It’s never too late to make the switch
As a prospective content design intern, my first proposed edit was to the job title
The word ‘intern’ has strong connotations of youth and inexperience. Why then, would a not-recent-university-graduated adult (like me!) choose to seemingly stall, or go backwards, in their career and do an internship instead of a “real job”? An understandable question.
A year ago, I’d been out of university for four years, and I was just starting to find my feet in the world of work. After a sizable stint in a marketing role at Deliveroo, I was ready to take my career in a new direction within the company.
As though it were fate, I found myself gravitating towards the content design team. I spotted their weekly content critique meeting in my then-colleague’s calendar, which welcomed writers from across the business to give and receive feedback on work. This colleague wasn’t up for going, so, keen to hear what other writers in the business were working on, I braved the meeting alone.
There were around eight content designers in that first meeting. I introduced myself and said I came to see the kind of stuff they work on, and to see if I can pick up any techniques or processes for my marketing role. A few people showed their work, then the rest of the team asked questions and offered suggestions to help them progress.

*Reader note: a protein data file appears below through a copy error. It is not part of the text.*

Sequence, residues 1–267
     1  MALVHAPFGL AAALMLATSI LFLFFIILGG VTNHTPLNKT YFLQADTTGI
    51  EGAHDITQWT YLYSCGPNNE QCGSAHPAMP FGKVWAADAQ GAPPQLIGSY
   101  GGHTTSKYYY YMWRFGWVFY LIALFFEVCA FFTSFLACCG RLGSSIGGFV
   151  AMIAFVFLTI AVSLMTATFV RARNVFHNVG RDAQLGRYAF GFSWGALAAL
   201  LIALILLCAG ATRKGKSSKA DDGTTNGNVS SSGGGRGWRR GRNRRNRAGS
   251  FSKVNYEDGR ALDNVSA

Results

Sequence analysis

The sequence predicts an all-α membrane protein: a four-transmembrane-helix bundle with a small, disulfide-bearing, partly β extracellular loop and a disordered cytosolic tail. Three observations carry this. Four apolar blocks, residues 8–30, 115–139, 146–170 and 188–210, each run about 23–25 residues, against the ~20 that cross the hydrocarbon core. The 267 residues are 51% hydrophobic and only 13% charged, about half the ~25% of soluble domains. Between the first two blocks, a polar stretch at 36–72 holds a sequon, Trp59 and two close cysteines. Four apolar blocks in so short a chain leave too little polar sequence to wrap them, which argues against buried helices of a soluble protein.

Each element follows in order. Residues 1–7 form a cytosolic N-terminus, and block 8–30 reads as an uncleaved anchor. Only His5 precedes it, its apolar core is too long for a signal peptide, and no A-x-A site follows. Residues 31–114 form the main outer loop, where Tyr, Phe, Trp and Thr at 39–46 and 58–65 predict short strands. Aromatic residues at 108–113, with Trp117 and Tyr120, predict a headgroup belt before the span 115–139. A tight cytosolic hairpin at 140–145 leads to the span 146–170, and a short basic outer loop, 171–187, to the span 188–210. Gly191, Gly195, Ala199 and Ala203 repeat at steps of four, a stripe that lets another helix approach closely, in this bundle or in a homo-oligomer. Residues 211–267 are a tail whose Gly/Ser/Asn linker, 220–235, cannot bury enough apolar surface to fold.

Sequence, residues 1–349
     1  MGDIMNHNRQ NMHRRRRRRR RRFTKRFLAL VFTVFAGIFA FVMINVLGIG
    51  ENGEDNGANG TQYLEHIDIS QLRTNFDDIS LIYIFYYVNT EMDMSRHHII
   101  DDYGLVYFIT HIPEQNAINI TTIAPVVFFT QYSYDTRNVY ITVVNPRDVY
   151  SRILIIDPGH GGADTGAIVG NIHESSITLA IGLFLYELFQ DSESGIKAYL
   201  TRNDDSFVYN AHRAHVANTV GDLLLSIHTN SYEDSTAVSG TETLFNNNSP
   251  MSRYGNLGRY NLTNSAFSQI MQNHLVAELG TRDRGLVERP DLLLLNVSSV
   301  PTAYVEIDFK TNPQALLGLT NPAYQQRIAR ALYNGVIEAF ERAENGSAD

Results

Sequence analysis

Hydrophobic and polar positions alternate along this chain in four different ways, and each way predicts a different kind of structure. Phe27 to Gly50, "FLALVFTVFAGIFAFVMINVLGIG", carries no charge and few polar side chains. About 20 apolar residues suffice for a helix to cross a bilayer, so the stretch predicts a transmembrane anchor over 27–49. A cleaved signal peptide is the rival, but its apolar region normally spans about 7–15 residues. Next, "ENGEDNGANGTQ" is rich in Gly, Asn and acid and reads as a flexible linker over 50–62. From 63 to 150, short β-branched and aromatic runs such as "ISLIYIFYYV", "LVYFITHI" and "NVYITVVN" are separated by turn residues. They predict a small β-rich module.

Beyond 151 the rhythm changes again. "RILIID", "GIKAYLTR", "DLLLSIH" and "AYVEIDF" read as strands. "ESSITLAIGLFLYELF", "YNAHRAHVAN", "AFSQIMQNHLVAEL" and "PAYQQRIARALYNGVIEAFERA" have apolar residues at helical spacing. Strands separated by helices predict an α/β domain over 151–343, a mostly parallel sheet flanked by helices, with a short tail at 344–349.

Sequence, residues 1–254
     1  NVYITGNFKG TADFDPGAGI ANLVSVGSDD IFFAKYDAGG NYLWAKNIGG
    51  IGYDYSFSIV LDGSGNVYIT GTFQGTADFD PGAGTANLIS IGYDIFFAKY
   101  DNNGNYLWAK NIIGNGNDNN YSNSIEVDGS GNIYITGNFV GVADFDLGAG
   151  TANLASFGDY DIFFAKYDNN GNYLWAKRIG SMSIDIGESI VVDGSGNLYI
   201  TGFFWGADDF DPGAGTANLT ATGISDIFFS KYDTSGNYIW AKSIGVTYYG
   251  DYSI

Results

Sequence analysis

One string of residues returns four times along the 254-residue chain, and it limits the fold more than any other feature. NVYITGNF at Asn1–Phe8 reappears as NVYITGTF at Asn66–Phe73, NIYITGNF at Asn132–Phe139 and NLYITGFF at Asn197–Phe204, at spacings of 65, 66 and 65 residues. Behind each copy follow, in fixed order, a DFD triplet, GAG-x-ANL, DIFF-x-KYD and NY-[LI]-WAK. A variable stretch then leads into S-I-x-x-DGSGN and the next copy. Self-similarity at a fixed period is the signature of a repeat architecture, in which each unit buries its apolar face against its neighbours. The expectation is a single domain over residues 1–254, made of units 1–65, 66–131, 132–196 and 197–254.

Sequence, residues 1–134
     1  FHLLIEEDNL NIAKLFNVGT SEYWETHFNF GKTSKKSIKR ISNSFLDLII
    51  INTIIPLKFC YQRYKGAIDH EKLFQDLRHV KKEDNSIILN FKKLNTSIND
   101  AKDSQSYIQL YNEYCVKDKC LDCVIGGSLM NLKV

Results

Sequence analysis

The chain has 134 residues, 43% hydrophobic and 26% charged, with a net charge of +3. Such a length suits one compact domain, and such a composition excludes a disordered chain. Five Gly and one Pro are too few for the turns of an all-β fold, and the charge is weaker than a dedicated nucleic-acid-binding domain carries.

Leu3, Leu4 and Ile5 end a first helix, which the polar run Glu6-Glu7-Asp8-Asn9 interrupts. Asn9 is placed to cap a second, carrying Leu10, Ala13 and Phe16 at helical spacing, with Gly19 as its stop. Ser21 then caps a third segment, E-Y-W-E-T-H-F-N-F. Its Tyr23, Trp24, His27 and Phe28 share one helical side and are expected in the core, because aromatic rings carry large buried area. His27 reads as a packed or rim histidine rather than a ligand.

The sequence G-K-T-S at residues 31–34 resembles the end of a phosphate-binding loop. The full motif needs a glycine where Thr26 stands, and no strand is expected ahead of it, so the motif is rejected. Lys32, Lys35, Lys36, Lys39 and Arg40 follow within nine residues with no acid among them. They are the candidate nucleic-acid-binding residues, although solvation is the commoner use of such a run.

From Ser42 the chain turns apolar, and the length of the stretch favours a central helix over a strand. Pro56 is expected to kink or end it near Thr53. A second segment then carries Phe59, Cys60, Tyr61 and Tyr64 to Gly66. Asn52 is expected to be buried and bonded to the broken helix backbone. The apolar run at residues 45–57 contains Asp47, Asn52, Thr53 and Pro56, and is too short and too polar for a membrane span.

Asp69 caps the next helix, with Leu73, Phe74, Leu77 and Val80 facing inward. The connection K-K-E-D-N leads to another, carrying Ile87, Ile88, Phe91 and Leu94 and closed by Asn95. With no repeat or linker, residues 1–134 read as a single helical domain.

My brain felt invigorated after the meeting. So many perspectives were considered, ideas dissected and words analysed. I wanted more.
I went back to the meeting a few weeks in a row and brought some of my work to be critiqued. At that point, the head of content design asked me if I wanted to get a coffee as I seemed to be interested in what they were doing. With naive confidence, I asked how I could get onto the team. She said a good place for me to start would be with an internship. Okay, I thought, don’t be offended by this. I don’t actually have any content design experience. So, once I put my pride aside, I knew it was an interesting proposition to pursue.
I made it clear to the team manager that I wasn’t a recent graduate and candidly suggested different names for the role I hadn’t yet applied for. “Have you thought of calling it a ‘mentorship’? Or maybe a ‘training program’?”. No success. The manager said this was a standard name for a developmental role and it didn’t denote experience level. She was also amused.
In hindsight, I realise there’s some meta-irony in the potential content designer discussing a name change for their prospective role.
A shift in perspective
So, after learning there was no prospect of a name change, I realised I could change the way I thought about doing an internship. There was no one telling me what the word “should” mean, so I interpreted it to fit where I was at in my life. It could be a developmental role that would build upon my previous experience, taking me to the next stage of my career. The title no longer mattered to me. More irony? Yes.